ITV News reporter Matt Price has been on the frontline with emergency service teams which rely on donations to carry out lifesaving work: in the air, at sea, and with mountain and cave rescue volunteers.
Looking up at the sky from a bedroom window one morning before Christmas, I saw the air ambulance heading over to what must have been a serious crash on the motorway. Bright yellow, a dull thud from the spinning blades – you couldn’t help but notice the helicopter overhead.
I wanted to find out more about their lifesaving work. Work which is only possible thanks to generous public support; donations that keep the HEMS team operational and the helicopter in the air. It costs around £1,700 pounds each time they are called out, and a monthly drugs budget can run into £1,000.
ITV News was invited along to join HEMS crews for three days. Monday was an icy, early start, prepping the aircraft at its base. The critical care doctors and paramedics, along with the pilot made sure the chopper was fuelled and that medical kit was ready to use for when that call came in. And it didn’t take long until we were airborne.
Over the course of filming we attended some serious incidents. Nothing quite prepared me for the level of trauma we would come across, some of it too distressing to report. But in that time, we also saw some amazing lifesaving work. A fast response to ensure defibrillators were on scene and drugs were available. On each of our shouts they made a big difference.
Royal National Lifeboat Institute
But the air ambulance is not the only team which helps people in distress – thanks to public support. Britain’s lifeboat charity, the Royal National Lifeboat Institute (RNLI), has just as important a job.
Our report features a training exercise one Sunday morning. This team carry out dummy runs like this several times a year to ensure they know how to rescue crew from a sinking boat, or to pull a casualty from rough, cold (4ºC!), dangerous water.
One thing which really stood out was the vast age range among volunteers. Some we filmed with had been a part of the RNLI for decades – others like Lewis, who is just 19, is still learning. Our cameras caught him training on how to pull ‘dead Fred’ – a weighted mannequin out of the water. He also underwent some training on sailing the larger all-weather lifeboat. There was great team work too, great camaraderie and a real sense of wanting to help their community.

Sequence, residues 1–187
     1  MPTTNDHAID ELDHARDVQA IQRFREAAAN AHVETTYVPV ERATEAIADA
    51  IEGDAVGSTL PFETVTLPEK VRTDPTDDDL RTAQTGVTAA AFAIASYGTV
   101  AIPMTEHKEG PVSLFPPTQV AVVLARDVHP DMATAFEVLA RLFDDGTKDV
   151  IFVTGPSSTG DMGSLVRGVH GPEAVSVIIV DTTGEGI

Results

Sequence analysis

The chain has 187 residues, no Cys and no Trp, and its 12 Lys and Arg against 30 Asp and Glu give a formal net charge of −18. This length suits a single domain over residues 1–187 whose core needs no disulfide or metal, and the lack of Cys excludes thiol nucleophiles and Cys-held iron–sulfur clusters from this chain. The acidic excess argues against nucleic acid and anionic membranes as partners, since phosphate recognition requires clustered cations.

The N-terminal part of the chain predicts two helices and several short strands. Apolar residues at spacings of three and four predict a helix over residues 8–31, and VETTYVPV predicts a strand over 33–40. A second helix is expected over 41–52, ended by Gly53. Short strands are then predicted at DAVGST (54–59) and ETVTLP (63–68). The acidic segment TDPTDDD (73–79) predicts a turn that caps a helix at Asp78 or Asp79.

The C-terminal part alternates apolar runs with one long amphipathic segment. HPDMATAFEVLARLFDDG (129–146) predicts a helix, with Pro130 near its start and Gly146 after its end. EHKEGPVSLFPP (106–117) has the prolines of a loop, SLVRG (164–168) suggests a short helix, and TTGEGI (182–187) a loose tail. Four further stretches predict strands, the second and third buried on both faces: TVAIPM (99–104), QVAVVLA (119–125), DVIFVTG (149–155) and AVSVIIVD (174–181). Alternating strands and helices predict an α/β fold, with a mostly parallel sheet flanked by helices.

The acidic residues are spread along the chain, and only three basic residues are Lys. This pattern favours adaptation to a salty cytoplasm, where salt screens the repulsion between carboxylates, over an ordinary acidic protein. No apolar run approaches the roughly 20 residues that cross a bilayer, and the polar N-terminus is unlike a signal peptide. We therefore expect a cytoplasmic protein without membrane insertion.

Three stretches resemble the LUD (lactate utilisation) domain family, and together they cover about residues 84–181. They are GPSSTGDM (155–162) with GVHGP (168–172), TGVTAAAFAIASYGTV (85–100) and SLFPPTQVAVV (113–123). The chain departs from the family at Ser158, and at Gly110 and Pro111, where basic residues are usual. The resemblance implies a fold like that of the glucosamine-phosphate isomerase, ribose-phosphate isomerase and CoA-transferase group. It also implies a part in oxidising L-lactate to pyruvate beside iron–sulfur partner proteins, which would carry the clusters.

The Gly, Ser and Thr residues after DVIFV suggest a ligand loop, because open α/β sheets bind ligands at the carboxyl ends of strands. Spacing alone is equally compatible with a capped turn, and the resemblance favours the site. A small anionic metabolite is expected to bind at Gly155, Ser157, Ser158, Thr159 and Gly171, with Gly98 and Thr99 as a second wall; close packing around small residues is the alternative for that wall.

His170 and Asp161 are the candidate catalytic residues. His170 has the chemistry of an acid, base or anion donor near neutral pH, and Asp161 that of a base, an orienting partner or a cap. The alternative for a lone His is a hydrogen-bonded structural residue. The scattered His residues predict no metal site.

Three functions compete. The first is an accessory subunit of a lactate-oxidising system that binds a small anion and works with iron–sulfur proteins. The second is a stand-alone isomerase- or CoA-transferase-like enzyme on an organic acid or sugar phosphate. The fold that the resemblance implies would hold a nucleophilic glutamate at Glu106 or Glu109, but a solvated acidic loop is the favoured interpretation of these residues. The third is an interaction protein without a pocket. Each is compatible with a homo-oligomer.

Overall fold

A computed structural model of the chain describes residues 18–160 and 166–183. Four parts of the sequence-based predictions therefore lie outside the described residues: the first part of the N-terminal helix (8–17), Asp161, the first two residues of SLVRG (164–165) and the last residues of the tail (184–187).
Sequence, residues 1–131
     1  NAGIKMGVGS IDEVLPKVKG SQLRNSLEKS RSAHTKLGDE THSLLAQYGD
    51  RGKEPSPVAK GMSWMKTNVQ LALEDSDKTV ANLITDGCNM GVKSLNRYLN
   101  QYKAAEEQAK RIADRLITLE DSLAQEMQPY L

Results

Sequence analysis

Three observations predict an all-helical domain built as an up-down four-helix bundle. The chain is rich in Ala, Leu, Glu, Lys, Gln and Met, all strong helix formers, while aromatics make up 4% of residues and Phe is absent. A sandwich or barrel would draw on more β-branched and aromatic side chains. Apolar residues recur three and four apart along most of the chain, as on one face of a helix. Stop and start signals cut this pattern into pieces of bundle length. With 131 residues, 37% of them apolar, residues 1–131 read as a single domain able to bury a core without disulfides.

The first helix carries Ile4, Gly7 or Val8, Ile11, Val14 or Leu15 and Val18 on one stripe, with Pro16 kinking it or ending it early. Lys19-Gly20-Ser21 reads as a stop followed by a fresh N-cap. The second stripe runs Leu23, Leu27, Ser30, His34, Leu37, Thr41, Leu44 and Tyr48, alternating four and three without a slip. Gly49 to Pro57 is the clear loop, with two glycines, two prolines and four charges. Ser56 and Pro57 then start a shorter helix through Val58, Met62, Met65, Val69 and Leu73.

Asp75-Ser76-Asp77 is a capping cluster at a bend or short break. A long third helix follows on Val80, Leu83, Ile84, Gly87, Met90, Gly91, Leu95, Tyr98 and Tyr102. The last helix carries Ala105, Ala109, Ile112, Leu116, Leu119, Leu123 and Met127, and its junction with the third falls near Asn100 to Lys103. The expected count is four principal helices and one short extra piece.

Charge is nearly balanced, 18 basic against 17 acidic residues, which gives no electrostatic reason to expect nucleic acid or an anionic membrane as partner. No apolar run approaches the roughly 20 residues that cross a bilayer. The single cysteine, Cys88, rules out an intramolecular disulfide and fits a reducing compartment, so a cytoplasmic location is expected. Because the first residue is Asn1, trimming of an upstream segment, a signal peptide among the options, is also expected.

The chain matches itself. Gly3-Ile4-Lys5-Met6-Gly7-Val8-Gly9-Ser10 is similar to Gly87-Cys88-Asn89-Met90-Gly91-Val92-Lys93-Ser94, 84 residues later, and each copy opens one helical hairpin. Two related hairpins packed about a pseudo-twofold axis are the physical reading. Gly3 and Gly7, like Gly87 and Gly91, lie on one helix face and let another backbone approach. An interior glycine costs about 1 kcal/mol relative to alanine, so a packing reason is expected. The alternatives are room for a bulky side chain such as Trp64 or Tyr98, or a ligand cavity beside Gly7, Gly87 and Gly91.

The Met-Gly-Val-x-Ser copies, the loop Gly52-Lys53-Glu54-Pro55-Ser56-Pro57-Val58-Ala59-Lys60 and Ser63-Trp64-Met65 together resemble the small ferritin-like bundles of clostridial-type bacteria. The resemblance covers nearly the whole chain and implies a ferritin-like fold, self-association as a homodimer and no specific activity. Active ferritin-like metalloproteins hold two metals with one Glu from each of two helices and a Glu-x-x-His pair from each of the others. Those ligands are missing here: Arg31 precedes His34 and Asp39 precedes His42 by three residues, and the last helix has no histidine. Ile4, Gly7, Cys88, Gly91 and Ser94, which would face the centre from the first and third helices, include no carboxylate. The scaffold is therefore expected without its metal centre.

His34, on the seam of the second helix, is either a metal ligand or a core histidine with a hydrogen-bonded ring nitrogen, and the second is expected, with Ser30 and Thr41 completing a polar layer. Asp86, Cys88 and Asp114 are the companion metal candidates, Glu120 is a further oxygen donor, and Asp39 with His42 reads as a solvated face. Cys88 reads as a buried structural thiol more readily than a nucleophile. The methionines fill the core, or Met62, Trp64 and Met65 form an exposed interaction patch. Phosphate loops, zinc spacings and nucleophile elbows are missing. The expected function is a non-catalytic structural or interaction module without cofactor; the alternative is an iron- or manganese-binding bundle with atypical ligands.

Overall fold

Cave and Mountain Rescue
We’ve been in the air, on the sea… finally it was time to head underground with cave and mountain rescue volunteers. Caving can be dangerous, so it’s important to say at this stage we were working with trained experts throughout filming.
We headed out to a remote, rural area for the day. The scenario: a climber has gone missing and is through to be trapped in a cave with a broken leg. But as you will see in my report, getting to the casualty was harder than I thought. Tough terrain which heavy 4x4’s struggled with at times. But once on scene, the decent into darkness began!
The team taught me how to scale down the rocks into the cave. Once in, it took a while to acclimatise - it was cold, wet and dark; a stark contrast to the recent warm weather we’d been having. I have to admit, it was pretty scary being so far underground.
But again, it was so fascinating to see the work of these teams who are on call 24/7. Rick, one of the volunteers told me how he was called out on Christmas Day to help someone with a double pelvis fracture. While others remembered times when they’d just finished a day’s work – and then spent the night searching for a missing person.
All of those we spoke to have a big thank you to offer the people who regularly donate money to their causes. It pays for training, equipment, medication. It pays for lifesaving care that might not be there without that generosity.
These teams hope to never have to rescue you – but promise, if the worst happens, they will be there, doing all they can to help.